Alberta-born, New York City“based journalist Chrystia Freeland has won the 2013 National Business Book Award for her book Plutocrats: The Rise of the New Global Super-Rich and the Fall of Everyone Else (Doubleday Canada). The prize, which comes with a cash award of $20,000, was handed out at a Tuesday luncheon at Toronto’s new Four Seasons Hotel.
Freeland’s book beat out Bernie Finkelstein’s memoir of the Canadian music industry, True North: A Life in the Music Business (McClelland & Stewart); Douglas Hunter’s corporate history of coffee giant Tim Hortons, Double Double: How Tim Hortons Became a Canadian Way of Life One Cup at a Time (HarperCollins Canada); and Amanda Lang’s business leadership book The Power of Why (HarperCollins Canada).
In a press release, the National Business Book Award (which is sponsored by PwC and the Bank of Montreal) said:
Plutocrats takes a reflective, insightful and well-researched look at the economic disparity that has emerged between the “super rich” “ a small number of immensely wealthy people “ and the rest of society. Freeland describes how this divide began and what it signifies for each side of the gap. She examines how the convergence of technology and globalization has created the greatest income gap of all time.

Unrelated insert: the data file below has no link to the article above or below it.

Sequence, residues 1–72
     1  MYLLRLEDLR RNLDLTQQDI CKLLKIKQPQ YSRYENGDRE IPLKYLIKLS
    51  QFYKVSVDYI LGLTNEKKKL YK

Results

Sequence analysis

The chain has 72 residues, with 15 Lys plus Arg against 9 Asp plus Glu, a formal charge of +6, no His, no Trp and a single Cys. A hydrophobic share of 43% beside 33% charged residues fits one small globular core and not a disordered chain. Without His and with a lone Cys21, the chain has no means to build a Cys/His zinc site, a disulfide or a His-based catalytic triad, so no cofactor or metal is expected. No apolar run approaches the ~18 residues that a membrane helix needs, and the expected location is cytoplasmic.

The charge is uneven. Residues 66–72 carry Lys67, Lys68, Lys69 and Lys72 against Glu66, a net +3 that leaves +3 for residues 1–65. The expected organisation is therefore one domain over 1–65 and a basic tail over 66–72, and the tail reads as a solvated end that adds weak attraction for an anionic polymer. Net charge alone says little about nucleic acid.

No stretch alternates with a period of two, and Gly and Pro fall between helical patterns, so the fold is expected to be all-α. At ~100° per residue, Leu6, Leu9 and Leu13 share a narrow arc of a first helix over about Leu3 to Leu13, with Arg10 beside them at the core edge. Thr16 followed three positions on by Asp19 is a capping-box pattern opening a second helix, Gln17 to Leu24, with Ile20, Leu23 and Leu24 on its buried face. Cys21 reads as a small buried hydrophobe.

The jury that chose the book consisted of chair Roger Martin (dean of the University of Toronto’s Rotman School of Management), Jane Cooney (founder of Books for Business), William Dimma (chairman emeritus of Home Capital Group), Peter Mansbridge, (host of CBC’s The National), Deirdre McMurdy (journalist and policy analyst), and Senator Pamela Wallin.
In March, Freeland’s book was named winner of this year’s Lionel Gelber Prize for best book on foreign affairs.